This subsection presents the comparison of classifier accuracy metrics between the 3 models BPNN, Random Forests and SFART models. We had analysed that the performance of the 3 models BPNN, Random Forests and SFART models for 5000 iterations. The Back propagation, Random Forests and Simplified Fuzzy Adaptive Resonance Theory models are observed with the classifier accuracy metrics. The results are provided in Table 1, Table 2 and Table 3. We first analysed the empirical results of the three models by comparing them with the other models considered in this study. Later we analysed the pros and cons of each model separately.

As presented in Table 1, the classifier accuracy values are presented for BPNN model based on number of iterations. As shown in the Table 1 each classifier is trained for about 500 to 5000 iterations but From Table 1 it is observed that the BPNN model exhibits good prediction rate 93.07% at 4000 iterations only. As presented in Table 2, the classifier accuracy values are presented for Random Forests model based on number iterations and number of decision trees. From the Table 2 it is observed that this model shows good prediction rate at 2500 iterations with 25 number of decision trees and the model exhibits the same prediction rate even the number of iterations and decision tress are increased to 5000 and 50 respectively.

Table 1. BPNN algorithm classifier accuracy metrics values

Name of the Metric

No of Iterations

Mean absolute error

Mean squared error

Root mean squared error

Classifier accuracy score

Precision

Recall

f Score

500

0.1818

0.3896

0.6241

89.00

0.86

0.90

0.87

1000

0.3636

1.246

1.116

92.20

0.81

0.88

0.84

1500

0.1688

0.3766

0.6136

92.64

0.91

0.91

0.90

2000

0.1558

0.2597

0.5096

92.64

0.81

0.88

0.84

2500

0.3506

1.1558

1.0751

92.20

0.81

0.88

0.84

3000

0.2077

0.3896

0.6241

90.04

0.81

0.87

0.83

3500

0.1818

0.3896

0.6241

92.64

0.86

0.90

0.87

4000

0.1688

0.4025

0.6345

93.07

0.87

0.91

0.89

4500

0.1428

0.2727

0.5222

92.64

0.87

0.91

0.89

5000

0.3246

0.9740

0.9869

92.64

0.81

0.87

0.83

Table 2. Random forest algorithm classifier accuracy metrics values

Name of the Metric

No of Iterations, Trees

Mean absolute error

Mean squared error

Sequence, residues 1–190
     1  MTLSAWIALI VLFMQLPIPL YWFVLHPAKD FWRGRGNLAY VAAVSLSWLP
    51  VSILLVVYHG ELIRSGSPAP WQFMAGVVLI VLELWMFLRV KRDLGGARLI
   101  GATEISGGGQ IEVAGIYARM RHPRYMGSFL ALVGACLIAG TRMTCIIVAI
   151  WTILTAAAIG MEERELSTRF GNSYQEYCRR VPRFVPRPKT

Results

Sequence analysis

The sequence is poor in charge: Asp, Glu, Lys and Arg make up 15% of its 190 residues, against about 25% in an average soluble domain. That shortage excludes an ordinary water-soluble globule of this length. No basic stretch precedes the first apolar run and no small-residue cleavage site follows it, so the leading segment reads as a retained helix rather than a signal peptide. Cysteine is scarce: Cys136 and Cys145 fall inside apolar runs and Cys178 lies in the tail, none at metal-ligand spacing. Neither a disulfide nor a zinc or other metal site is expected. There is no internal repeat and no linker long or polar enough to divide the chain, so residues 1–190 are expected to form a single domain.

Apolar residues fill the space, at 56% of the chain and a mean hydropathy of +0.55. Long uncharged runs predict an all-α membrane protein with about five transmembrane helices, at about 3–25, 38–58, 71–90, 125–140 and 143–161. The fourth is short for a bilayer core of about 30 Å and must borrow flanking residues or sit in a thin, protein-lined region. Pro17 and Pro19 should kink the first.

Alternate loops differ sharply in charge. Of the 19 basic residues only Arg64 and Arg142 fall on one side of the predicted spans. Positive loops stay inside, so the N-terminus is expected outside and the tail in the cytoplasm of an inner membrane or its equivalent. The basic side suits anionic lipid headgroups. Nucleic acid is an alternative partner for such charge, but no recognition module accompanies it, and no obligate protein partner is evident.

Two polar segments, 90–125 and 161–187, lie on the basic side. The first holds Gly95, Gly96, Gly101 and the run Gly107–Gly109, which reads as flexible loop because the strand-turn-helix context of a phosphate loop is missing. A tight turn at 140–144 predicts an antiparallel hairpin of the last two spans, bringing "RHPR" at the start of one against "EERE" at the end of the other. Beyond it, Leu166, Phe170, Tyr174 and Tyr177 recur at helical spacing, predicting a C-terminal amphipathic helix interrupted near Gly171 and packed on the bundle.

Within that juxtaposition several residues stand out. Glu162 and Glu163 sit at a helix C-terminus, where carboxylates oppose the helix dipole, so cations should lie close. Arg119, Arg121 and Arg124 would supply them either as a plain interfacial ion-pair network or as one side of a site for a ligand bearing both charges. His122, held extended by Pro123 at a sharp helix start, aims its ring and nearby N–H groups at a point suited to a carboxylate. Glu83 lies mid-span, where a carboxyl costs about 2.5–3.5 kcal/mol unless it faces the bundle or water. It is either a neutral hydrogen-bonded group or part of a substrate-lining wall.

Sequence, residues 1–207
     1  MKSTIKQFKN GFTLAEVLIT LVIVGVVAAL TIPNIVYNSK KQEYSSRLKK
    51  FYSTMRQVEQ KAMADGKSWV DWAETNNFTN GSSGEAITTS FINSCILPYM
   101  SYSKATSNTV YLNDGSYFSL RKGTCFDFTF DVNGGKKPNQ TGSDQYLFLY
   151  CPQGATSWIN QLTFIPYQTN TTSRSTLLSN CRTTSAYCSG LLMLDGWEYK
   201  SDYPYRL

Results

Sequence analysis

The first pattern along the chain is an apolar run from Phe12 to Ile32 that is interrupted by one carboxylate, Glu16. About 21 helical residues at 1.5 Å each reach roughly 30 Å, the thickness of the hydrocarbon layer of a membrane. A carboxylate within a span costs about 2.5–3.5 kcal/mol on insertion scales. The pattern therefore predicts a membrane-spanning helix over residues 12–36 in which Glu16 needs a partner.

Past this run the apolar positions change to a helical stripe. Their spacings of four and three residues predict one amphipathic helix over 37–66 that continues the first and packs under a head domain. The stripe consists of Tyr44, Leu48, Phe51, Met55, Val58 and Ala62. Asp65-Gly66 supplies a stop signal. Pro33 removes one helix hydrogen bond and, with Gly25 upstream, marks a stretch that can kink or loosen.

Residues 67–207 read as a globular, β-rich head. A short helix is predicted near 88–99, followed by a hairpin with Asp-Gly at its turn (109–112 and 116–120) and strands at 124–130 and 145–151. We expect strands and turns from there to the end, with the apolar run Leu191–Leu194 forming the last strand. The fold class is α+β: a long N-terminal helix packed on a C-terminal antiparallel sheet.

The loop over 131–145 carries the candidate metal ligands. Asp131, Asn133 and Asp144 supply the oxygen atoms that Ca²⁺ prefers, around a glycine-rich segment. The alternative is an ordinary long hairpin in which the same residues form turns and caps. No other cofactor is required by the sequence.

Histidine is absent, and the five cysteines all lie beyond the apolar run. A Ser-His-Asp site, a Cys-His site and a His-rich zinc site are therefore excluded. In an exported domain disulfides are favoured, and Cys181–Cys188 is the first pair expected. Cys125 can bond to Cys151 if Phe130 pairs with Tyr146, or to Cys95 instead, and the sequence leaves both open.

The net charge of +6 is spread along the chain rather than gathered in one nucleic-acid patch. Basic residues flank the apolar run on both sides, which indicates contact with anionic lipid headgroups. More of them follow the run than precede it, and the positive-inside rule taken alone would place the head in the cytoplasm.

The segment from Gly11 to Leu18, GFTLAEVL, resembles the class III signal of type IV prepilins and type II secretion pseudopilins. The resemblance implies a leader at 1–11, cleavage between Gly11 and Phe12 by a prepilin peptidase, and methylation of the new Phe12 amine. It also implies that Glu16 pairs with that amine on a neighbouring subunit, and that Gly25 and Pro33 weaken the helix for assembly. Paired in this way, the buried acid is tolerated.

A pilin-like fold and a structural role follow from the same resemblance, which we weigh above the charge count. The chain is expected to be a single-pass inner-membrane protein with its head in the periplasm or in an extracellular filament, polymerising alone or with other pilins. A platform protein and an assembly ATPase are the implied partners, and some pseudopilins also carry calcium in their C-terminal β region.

Root mean squared error

Classifier accuracy score

Precision

Recall

f Score

5 /500

0.1086

0.1521

0.3900

86.95

0.89

0.91

0.90

10 /1000

0.3260

1.1521

1.0733

88.69

0.88

0.89

0.88

15 /1500

0.1739

0.3478

0.5897

87.39

0.91

0.91

0.90

20 /2000

0.0869

0.0869

0.2948

90.00

0.91

0.91

0.90

25 /2500

0.2608

0.7826

0.8846

91.30

0.91

0.91

0.90

30 /3000

0.3043

1.1304

1.0632

91.30

0.91

0.91

0.90

35 /3500

0.1956

0.4562

0.6756

91.30

0.91

0.91

0.90

40 /4000

0.1086

0.1521

0.3900

91.30

0.91

0.91

0.90

45 /4500

0.2608

0.7826

0.8846

91.30

0.91

0.91

0.90

50/5000

0.1521

0.2826

0.5316

91.30

0.91

0.91

0.90

Table 3. Simplified fuzzy ARTMAP algorithm classifier accuracy metrics values

Name of the Metric

No of Iterations

Mean absolute error

Mean squared error

Root mean squared error

Classifier accuracy score

Precision

Recall

f Score

500

0.1818

0.3896

0.6241

89.00

0.86

0.90

0.87

1000

0.2424

0.666

0.8164

90.90

0.94

0.91

0.90

1500

0.1428

0.2727

0.5222

92.64

0.87

0.91

0.89

2000

0.3043

1.1304

1.0632

91.30

0.91

0.91

0.90

2500

0.1818

0.5454

0.7385

93.93

0.97

0.94

0.95

3000

0.1818

0.5454

0.7385

93.93

0.97

0.94

0.95

3500

0.1818

0.5454

0.7385

93.93

0.97

0.94

0.95

4000

0.1818

0.5454

0.7385

93.93

0.97

0.94

0.95

4500

0.1818

0.5454

0.7385

93.93

0.97

0.94

0.95

5000

0.1818

0.5454

0.7385

93.93

0.97

0.94

0.95

As presented in Table 3, the classifier accuracy values are presented for SFART model based on the number of iterations. From Table 3 it is observed that the SFART model exhibits better prediction value from 500 iterations to 5000 iterations the reason behind this is the SFART model is well suited for handling fuzzy values of the groundwater quality parameters in groundwater quality grades assessment and prediction process. It is observed from the results that the SFART model outperforms both Back propagation and Random Forests models.

The gradient descent training algorithm is used to train the Back propagation model. The model consists of one input layer with 7 input neurons, the model is configured with 2 hidden layers with7 neurons and one output layer with single neuron. The learning rate was initially set to 0.6. We trained the model for about 500 to 5000 iterations the results of the models are presented in Table 1. The Back propagation model achieves good accuracy at 4000 iterations. Initially the model produces 89% accuracy at 500 iterations and the accuracy is increased when number of iterations are increasing. The reason behind this is initially the weights of the network are initialized to small random numbers between 0.0 and 1.0 when the model starts its training process it learns the best weights based on the value, we obtained and actual one. The performance of the Back propagation model depends on the size of the input data. If the size of the input data is small the model fails to learn.

In Random Forests model, if the number of tress are increased then the model will yield good classifier accuracy. If we increase the number of trees means we are using the greater number of features to classify the data samples. Finding the optimal number of tress to find the best fit of the model is cumbersome process. From Table 2, it was observed that if the number of trees is 5 and number of iterations are set to 500 then it produces 86.95% accuracy. The number of trees and iterations are increased by 5and 500 respectively the accuracy of the Random Forest model also increased. If the number of trees is 25 it gives 91.30% accuracy and it continues with the same accuracy value even the number of trees and iterations are increased to 50 and 5000 respectively.